Novel Techniques for Audio Music Classification and Search

Kris West
University of East Anglia, UK (September, 2008)


This thesis presents a number of modified or novel techniques for the analysis of music audio for the purposes of classifying it according genre or implementing so called `search-by-example’ systems, which recommend music to users and generate playlists and personalised radio stations. Novel procedures for the parameterisation of music audio are introduced, including an audio event-based segmentation of the audio feature streams and methods of encoding rhythmic information in the audio signal. A large number of experiments are performed to estimate the performance of different classification algorithms when applied to the classification of various sets of music audio features. The experiments show differing trends regarding the best performing type of classification procedure to use for different feature sets and segmentations of feature streams.

A novel machine learning algorithm (MVCART), based on the classic Decision Tree algorithm (CART), is introduced to more effectively deal with multi-variate audio features and the additional challenges introduced by event-based segmentation of audio feature streams. This algorithm achieves the best results on the classification of event-based music audio features and approaches the performance of state-of-the-art techniques based on summaries of the whole audio stream.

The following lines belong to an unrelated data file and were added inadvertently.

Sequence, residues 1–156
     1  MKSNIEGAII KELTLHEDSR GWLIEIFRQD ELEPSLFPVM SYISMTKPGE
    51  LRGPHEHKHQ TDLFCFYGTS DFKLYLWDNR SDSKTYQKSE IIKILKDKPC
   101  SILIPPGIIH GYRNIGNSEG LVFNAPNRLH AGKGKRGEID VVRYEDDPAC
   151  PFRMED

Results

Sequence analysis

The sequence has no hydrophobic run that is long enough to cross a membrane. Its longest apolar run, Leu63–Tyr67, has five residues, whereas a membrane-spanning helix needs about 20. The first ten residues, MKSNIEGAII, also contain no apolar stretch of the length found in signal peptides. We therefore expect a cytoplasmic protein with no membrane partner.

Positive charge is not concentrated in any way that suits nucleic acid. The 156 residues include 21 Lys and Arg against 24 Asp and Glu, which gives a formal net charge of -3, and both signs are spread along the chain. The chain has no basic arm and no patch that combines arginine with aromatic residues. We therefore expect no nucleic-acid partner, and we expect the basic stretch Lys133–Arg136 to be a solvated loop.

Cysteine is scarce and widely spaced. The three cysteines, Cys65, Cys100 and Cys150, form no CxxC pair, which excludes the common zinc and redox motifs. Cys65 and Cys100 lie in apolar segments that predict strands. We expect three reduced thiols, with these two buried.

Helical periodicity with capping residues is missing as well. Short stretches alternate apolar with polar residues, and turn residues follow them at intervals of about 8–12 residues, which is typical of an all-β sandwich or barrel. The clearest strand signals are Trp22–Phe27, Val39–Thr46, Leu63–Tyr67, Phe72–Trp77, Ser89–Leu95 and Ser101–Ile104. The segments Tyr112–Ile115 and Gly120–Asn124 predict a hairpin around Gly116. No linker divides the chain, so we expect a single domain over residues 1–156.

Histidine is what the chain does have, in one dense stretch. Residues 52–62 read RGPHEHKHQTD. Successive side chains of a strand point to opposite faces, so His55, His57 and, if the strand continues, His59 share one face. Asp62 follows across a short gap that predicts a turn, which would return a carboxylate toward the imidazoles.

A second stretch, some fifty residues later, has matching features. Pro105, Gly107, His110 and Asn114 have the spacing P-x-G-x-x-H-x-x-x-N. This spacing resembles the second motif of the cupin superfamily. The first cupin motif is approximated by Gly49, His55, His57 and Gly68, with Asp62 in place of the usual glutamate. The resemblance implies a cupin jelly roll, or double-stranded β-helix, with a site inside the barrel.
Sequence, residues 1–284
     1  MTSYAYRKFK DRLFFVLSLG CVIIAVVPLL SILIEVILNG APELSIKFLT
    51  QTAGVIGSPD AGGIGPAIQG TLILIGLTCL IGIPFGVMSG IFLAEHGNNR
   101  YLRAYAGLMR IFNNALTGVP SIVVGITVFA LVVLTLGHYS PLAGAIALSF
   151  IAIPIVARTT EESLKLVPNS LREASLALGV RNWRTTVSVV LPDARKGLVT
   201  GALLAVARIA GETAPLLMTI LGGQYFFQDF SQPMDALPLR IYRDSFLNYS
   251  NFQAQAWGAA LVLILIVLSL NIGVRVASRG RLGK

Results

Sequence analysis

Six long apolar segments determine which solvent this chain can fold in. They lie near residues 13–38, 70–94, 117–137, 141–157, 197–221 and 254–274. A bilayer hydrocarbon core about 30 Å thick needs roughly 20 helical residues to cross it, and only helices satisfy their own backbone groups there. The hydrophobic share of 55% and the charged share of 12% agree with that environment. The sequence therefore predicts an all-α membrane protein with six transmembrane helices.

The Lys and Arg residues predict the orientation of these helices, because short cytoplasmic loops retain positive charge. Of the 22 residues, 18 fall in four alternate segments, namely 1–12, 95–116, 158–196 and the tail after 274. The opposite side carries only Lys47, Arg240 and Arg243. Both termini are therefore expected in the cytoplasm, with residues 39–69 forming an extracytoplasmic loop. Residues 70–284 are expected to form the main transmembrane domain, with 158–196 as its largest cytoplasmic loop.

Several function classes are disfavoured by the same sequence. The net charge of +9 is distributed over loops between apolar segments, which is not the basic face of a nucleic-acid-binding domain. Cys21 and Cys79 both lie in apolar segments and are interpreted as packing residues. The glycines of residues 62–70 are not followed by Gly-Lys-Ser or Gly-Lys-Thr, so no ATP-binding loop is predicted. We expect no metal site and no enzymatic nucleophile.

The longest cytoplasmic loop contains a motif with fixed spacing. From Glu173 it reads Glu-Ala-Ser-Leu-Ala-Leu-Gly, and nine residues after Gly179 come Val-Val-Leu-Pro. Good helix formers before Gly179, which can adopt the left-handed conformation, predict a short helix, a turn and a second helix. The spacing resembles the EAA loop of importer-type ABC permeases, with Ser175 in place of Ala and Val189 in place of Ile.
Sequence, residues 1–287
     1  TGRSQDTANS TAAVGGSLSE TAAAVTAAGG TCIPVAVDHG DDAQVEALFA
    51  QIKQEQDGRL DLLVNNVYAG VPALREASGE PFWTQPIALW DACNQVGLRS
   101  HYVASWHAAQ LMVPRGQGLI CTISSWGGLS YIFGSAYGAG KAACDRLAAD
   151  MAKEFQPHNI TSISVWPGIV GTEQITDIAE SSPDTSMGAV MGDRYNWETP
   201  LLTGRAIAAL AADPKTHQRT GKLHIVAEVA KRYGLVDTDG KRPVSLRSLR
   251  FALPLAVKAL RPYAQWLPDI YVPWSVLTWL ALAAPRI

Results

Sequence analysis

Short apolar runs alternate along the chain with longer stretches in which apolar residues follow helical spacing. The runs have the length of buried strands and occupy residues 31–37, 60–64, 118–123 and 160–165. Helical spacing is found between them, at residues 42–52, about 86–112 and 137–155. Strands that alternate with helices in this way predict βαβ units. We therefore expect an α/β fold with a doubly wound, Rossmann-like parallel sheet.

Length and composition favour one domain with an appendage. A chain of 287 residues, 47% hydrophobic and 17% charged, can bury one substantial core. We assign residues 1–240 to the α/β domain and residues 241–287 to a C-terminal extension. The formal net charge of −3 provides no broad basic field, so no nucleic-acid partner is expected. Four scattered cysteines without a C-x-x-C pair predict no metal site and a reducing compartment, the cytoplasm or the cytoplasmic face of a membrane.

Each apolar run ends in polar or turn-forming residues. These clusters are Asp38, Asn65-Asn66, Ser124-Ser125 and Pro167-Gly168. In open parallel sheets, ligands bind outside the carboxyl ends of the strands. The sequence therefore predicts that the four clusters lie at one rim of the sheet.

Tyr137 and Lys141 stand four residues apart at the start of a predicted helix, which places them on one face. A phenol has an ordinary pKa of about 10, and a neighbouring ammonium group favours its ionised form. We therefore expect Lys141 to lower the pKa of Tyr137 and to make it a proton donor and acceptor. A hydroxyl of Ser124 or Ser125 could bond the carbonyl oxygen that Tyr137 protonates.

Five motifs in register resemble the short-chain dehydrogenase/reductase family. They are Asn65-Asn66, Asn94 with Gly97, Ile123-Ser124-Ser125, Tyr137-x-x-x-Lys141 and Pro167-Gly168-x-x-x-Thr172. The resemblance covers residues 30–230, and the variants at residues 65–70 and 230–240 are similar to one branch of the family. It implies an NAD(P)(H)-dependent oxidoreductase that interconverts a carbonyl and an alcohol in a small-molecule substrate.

Finally, a number of methods of extending music classifiers, including those based on event-based segmentations and the MVCART algorithm, to build music similarity estimation and search procedures are introduced. Conventional methods of audio music search are based solely on music audio profiles, whereas the methods introduced allow audio music search and recommendation indices to utilise cultural information (in the form of music genres) to enhance or scale their recommendations, without requiring this information to be present for every track. These methods are shown to yield very significant reductions in computational complexity over existing techniques (such as those based on the KL-Divergence) whilst providing a comparable or greater level of performance. Not only does the significantly reduced complexity of these techniques allow them to be applied to much larger collections than the KL-Divergence, but they also produce metric similarity spaces, allowing the use of standard techniques for the scaling of metric search spaces.

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